Here are some of the more frequent questions We receive for the following three areas of law:


Q: I was in an automobile accident. The other person was at fault. What should I do?

A: You have two options: You may file a claim with the at-fault party's insurance company if they are insured; or if you have collision insurance on your vehicle, you can have your own insurance company pay for the damages, less your deductible, and they will usually subrogate against the at-fault party to recover their loss.

Q: The person that hit my car does not have any insurance coverage. What do I do?

A: If you have uninsured/underinsured motorist coverage (UM coverage), you can make a claim against your policy. However, if you do not have UM coverage, you can take the at-fault party to court. If you obtain a judgment against the owner of the vehicle and they do not pay the judgment, you should contact the bureau of Financial Responsibility in the Department of Highway Safety and Motor Vehicles so they can take the appropriate action against the owner of the vehicle.

Q: What is the minimum amount of insurance required by the State of Florida?

A: Any person who has a car in Florida for more than 90 days during the preceding 365 days, resides in Florida, is employed in Florida or has children in school in Florida must purchase Personal Injury Protection ($10,000) and Property Damage Liability coverage ($10,000). In addition, if the insured is involved in an accident, the Financial Responsibility Law, regulated by the Department of Highway Safety and Motor Vehicles, also requires Bodily Injury Liability coverage ($10,000 Bodily Injury one person, $20,000 Bodily injury one accident, or $30,000 combined Bodily Injury).

Q: I slipped and fell while I was at a grocery store shopping. What should I do?

A: With today's technology, you should first take pictures with your phone of the substance that caused you to slip. The laws in Florida are in favor of the store owner. In order to prevail in your slip and fall case, you have to be able to prove that the owner or person in control of the premises knew or should have known of the dangerous substance. Unfortunately, most people are hurt when they fall and the store managers and staff are usually trained to quickly clean up the dangerous substance thus getting rid of the evidence and making your claim very difficult to prove.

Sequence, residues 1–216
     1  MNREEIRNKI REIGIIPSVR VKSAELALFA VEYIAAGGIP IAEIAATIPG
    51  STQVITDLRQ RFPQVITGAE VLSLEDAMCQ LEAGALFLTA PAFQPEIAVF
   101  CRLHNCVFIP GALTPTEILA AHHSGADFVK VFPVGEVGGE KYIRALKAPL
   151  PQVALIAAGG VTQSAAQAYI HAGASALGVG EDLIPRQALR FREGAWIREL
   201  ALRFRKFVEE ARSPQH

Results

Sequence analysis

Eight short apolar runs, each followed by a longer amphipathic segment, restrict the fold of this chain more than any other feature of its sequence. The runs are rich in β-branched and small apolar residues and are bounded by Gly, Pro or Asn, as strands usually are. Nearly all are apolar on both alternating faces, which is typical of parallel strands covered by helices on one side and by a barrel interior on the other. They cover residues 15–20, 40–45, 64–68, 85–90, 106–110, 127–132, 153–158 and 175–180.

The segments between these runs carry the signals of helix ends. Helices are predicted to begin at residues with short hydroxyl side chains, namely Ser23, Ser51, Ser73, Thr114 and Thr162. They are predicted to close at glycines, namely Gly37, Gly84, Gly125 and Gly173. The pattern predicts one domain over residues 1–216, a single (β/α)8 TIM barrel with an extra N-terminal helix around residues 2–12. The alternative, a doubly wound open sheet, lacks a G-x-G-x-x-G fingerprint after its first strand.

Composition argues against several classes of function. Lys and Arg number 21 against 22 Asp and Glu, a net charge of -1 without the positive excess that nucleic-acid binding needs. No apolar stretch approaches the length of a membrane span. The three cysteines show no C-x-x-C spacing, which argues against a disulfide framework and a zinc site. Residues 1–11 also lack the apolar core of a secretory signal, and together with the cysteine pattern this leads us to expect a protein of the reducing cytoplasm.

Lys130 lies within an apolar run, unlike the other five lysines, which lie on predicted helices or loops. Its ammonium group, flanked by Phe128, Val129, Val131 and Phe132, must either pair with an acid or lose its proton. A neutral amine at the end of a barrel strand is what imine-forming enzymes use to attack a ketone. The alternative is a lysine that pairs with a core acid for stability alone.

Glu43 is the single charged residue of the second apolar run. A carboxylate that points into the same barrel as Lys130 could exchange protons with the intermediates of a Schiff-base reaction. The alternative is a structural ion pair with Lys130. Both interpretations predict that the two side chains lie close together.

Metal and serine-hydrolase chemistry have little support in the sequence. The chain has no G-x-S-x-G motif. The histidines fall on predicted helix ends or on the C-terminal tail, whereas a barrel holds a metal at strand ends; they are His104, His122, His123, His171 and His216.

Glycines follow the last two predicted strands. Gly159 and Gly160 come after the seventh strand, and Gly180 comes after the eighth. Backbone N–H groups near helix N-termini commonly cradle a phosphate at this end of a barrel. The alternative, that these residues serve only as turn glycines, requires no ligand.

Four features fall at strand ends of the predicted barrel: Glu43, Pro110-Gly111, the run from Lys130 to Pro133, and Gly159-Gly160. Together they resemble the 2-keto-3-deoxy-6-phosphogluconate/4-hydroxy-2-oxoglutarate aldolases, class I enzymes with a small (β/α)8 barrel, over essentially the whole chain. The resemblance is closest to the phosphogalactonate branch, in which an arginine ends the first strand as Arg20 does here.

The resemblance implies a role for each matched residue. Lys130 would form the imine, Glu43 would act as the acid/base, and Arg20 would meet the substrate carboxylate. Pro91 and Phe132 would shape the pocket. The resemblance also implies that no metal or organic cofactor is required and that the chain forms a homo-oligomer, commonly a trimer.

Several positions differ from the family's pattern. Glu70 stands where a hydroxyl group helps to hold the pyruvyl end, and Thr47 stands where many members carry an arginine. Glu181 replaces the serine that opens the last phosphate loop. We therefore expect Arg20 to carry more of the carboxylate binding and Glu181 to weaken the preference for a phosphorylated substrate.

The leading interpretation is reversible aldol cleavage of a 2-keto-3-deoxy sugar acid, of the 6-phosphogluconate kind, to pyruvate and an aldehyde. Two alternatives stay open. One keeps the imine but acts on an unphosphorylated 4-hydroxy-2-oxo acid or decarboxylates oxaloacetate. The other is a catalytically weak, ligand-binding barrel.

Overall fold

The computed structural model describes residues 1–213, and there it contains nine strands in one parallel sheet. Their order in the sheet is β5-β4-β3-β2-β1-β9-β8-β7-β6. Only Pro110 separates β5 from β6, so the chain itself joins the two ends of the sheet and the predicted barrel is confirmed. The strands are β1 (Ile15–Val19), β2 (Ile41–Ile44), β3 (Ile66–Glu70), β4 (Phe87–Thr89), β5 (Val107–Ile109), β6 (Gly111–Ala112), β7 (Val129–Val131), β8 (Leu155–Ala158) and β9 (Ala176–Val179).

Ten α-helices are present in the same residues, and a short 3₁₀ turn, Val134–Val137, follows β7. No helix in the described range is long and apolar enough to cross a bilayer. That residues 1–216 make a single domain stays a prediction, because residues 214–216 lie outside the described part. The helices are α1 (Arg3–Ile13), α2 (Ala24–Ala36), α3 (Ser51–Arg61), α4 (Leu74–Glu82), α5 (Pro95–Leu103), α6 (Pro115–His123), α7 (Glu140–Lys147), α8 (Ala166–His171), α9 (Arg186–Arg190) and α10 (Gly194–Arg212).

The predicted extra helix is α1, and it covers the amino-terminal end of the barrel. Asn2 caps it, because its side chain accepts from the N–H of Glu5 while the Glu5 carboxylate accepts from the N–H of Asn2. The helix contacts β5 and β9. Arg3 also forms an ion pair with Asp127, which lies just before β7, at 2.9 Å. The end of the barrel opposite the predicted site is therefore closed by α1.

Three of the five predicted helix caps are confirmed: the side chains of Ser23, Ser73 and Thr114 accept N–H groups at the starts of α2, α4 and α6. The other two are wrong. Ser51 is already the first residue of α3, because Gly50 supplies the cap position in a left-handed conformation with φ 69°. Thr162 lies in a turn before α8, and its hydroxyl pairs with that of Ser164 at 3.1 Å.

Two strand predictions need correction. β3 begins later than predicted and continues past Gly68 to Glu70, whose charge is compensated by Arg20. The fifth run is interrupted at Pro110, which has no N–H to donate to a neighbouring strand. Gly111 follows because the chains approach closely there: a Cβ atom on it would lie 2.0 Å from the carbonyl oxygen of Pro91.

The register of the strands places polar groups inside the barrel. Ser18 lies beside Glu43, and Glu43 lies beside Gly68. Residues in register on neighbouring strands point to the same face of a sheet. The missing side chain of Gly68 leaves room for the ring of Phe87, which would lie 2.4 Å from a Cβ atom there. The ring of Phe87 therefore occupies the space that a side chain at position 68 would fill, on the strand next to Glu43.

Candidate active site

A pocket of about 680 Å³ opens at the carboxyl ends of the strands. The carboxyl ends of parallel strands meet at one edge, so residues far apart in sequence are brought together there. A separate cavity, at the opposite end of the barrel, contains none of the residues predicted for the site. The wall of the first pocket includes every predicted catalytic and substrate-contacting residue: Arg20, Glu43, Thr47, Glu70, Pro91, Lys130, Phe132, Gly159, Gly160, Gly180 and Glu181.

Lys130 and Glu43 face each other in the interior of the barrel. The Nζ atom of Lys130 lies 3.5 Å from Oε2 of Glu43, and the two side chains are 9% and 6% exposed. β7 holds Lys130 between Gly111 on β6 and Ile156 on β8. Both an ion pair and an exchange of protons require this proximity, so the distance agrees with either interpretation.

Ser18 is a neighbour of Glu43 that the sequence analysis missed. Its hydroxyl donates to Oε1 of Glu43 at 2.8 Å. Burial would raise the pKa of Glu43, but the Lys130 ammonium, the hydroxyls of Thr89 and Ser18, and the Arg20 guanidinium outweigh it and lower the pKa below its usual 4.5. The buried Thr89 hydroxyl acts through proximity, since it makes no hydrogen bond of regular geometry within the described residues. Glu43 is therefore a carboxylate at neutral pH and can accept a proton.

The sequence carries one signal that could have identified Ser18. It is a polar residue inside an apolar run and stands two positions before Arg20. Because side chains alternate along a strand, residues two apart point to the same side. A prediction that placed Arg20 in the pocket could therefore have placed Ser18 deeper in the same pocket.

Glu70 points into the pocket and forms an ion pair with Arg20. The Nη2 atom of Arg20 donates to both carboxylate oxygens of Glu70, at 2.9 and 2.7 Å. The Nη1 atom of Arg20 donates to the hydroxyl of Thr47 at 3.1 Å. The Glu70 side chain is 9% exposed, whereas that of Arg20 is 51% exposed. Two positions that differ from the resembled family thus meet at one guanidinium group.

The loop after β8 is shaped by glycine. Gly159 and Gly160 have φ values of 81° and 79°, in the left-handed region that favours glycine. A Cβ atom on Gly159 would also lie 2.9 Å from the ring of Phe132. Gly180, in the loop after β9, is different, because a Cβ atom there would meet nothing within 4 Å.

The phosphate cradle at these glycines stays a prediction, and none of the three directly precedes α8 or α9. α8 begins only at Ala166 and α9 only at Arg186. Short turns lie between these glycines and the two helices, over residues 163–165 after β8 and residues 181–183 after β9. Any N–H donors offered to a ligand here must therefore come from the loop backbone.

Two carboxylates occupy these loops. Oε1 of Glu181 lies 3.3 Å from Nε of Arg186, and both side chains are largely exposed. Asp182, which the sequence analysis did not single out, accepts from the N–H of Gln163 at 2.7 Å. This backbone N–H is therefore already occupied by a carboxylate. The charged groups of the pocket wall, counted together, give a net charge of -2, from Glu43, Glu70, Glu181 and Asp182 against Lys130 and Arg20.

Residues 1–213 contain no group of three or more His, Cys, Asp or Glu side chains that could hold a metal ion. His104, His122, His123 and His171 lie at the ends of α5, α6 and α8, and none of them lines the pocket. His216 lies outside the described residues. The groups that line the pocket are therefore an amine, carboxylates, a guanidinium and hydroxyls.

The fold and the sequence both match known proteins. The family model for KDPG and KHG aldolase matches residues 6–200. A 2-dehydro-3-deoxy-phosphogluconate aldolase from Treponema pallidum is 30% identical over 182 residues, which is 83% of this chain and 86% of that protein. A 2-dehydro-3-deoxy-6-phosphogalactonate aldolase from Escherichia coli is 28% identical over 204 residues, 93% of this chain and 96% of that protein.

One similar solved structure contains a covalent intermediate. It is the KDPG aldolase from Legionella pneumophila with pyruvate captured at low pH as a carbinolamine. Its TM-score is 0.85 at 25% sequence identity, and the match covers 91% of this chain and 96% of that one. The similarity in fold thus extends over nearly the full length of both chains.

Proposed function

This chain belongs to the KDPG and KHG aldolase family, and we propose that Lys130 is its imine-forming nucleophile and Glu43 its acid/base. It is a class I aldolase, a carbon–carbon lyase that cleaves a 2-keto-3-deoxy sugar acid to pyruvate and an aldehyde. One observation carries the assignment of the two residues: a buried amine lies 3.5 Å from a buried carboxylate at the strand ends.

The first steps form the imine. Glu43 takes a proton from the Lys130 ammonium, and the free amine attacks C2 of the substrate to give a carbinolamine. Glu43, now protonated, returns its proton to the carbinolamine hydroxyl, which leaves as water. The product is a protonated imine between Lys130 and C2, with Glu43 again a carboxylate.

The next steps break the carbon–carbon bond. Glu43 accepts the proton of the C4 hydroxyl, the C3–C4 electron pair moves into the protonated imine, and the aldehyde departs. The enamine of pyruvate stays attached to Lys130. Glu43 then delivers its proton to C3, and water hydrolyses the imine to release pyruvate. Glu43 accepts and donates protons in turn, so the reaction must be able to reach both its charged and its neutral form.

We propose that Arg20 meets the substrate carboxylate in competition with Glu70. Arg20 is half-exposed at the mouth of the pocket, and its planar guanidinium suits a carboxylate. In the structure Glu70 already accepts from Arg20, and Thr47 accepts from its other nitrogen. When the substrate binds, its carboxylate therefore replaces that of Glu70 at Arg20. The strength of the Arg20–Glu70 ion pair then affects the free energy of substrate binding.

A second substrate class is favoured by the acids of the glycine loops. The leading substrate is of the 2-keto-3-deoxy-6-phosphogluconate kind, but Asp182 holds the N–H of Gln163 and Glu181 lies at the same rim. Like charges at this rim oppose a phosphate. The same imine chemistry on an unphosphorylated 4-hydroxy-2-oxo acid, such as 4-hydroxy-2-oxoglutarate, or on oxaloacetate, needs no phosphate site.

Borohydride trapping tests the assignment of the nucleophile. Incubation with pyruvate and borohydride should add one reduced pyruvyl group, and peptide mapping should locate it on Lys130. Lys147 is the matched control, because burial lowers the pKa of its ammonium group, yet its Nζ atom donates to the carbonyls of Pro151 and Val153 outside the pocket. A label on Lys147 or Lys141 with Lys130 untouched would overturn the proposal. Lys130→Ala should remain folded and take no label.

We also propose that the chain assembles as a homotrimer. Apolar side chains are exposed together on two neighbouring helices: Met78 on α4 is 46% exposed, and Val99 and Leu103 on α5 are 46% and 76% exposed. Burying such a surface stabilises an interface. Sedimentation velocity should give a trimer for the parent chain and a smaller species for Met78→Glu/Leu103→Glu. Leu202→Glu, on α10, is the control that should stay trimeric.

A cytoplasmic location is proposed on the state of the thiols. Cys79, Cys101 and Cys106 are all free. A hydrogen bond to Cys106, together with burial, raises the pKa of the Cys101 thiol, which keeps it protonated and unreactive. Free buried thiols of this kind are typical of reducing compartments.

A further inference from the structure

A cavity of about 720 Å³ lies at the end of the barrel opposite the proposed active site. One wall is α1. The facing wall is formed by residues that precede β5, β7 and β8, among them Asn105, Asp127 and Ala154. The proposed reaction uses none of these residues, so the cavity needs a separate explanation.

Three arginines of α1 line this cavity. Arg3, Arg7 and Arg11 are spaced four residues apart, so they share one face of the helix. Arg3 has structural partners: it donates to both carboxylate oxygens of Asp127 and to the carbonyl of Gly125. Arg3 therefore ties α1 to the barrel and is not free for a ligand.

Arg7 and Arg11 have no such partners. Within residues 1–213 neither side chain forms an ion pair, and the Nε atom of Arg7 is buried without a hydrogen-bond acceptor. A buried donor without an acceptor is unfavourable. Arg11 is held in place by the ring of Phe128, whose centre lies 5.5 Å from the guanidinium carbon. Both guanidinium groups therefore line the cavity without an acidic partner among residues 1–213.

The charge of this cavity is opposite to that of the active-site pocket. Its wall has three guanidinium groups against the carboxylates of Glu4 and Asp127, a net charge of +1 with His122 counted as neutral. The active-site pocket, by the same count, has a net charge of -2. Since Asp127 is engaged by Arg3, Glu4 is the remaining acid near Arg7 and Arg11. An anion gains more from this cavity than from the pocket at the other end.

Q: I was served a notice that the entire amount of my mortgage is now due. What should I do?

A: Don't panic! Contact your lender immediately. You may be able to negotiate payment options to bring your loan current.

Q: I was served with a lawsuit to foreclose on my property. What should I do?

A: From the date of the service, you have 20 days to file a response to the complaint. In that time you should consult with an attorney to know your rights and best option for you.

Q: I have fallen on hard times and can no longer afford my mortgage payment. What should I do?

A: If you are already in default, you should contact your lender's loss mitigation department and request a loan modification. They will guide you on the proper documentation they will need to modify your loan.


Q: What is a Will?

A: A will is a legal document instructing how the testator wishes his/her assets to be distributed. In Florida, the Will has to be in writing and signed by two witnesses in the presence of the testator. A Will becomes self-authenticated if there is a notary public present as well.

Q: What happens if I die without a Will?

A: This is what is called intestate succession. Intestate succession can vary from state to state, but usually the decedent’s assets will pass to his or her spouse and children in various proportions. Each case is unique and will need guidance of an attorney to properly inform the family of how the estate will be divided.

Q: What is a Trust?

A: A trust is a legal document created to hold property or assets for an individual or entity. There are several types of trusts and you should consult an attorney  to understand which type of trust will best suit your needs.